There is no hell

For days my guests and I had managed to discuss a myriad of subjects, not all related to theology but today was our first day of rest, a well-earned pause from deep philosophical discussions. The plan was to drive a fifty kilometre journey to the airfield beside the Tibetan Monastery at the invitation of Lobsang, the monk who had arranged this week-long getaway. Lobsang was a delightful man, perhaps the kindest amongst us all, able to see the carrot at the end of the tunnel. Most of us couldn’t even see the light if truth be told.

It seemed to me sitting in the back seat, that we were an odd bunch of clergy driving to a date with destiny. Beyond the dusty windows of our bus, the airfield beckoned us, this strange group of fish out of water. Our long days of training complete the last time we’d been together months before when we stayed with Lobsang and the other monks at their magnificent monastery next to the little airfield, the surrounding hills our continual launch pad. During that retreat we’d learned a lot more than hang-gliding. When monks pray for example, they chant, voices silky smooth, putting the rest of us to shame with our plain old Hail Marys and Inshallahs. Tibetans rise before dawn, they pray and meditate incessantly, eat no meat and their entire lives are one musical prayer.

So months ago we’d done our tandem flights and we had each progressed. We were to become birds of the sky flying on our own. Harnessed up, one by one we were airborne. Father Frank was first, the Catholic chap from Condobolin. Baboucarr the Muslim fellow from Senegal was next, followed by Akash the Hindu cleric. Then Lobsang took to the air and finally it was my turn. My head was truly in the clouds. It was the perfect day for our first solo.

Instantly it was like I’d passed through the door of enlightenment. One moment I was flying serenely in my hang-glider and then suddenly I was hit by something and it wasn’t an updraft, but in a split second I was plummeting towards a cliff with nowhere to land. I must have blacked out. Then the next few seconds played out in slow-motion. I was in a dream-like state and I began to experience an immense joy. Ahead of me, surrounding me, as far as the eye could see, like friendly ghostly apparitions of their former selves, a whole world of people all floated and existed in total harmony. Saying as far as the eye could see isn’t right because it was as if it was from here to eternity. There was no end to my comprehension of what I was experiencing. I was cloaked in ghosts. I was wearing the history of humanity. I’m lost for the correct words.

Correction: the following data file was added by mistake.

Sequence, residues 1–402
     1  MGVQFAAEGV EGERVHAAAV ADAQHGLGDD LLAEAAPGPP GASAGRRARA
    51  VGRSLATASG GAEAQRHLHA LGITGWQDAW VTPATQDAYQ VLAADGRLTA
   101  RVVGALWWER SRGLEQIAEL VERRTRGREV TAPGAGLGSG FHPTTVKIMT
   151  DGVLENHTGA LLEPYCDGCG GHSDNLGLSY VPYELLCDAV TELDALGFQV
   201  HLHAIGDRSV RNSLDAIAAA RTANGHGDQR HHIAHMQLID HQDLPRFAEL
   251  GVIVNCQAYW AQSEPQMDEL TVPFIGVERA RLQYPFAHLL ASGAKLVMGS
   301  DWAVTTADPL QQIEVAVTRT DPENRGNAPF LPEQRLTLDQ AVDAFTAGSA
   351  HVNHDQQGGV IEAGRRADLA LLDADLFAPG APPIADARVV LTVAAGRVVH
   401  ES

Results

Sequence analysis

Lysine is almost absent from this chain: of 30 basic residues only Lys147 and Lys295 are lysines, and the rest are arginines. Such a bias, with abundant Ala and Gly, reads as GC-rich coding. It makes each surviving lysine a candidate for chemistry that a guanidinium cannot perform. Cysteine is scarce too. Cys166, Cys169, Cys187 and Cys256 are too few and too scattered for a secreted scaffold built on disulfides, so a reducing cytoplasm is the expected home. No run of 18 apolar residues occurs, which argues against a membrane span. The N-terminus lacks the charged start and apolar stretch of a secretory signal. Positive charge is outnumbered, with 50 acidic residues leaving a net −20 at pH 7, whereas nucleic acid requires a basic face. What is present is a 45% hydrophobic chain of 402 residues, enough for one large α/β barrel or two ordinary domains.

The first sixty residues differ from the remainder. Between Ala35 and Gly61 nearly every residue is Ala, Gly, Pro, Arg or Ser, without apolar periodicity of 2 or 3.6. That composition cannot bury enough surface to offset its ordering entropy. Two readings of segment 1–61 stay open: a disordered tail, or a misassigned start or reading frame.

Mother Teresa was there, can you believe it? She was sitting right in the front row looking like an angel but dressed in black. Hitler was there too, sitting sheepishly like a naughty little schoolboy. Didn’t have his moustache anymore. Pol Pot was there too, stupid little pipsqueak…both of them in the very back row in the uncomfortable seats without a decent view. Idi Amin, Mussolini, boy there were all the bad guys, women too, but lots more guys up the back than I would have imagined.

I was only there for a brief moment but the absolute joyous experience that I had was like being shrouded in ultimate happiness, like orgasmic pleasure titillating every nerve ending in my whole body. This was truly heaven and I was heaven’s guest for a fleeting moment in time.

I could remember that I’d been in a hang-glider and about to crash, but I wasn’t there anymore. I wasn’t about to collide with a cliff-face. I’d arrived in another world. And I discovered that I’d been right all along about heaven and hell.

No-one goes to bloody hell. What type of God would do that to anyone? Was this the creator’s way of showing me I was right? Everyone gets to heaven in the end. Heaven has all the good folk, those who’ve never done any wrongdoings in the front row, and all the others progressively further and further back, right down to the back rows. It was like a theatre in reverse, but a spherical one with no end – a bit like an expanding universe, which of course is what the universe does. It’s forever expanding. The people at the back close to the border with infinity miss out because of the people in front of them, a forever frustrating world of not being able to get a good view of the astonishingly marvellous events that continually occur. You thought Mozart and The Beatles were good. They had nothing on the shows and experiences that occurred on an hourly basis in heaven.

And then it was over. My seconds of pleasure had passed, and I was hanging precariously on a cliff tangled in the ropes and rigging of my former hang-glider, a long way from the earth below, millimetres from real death. Perhaps what I’d just seen was a portent of what was about to happen. Just then a tiny puff of wind brushed across my face, a wind that shook the ocean of my sleep and above me, my rigging snapped and there was nothing holding me to the cliff any longer.

GJ Maher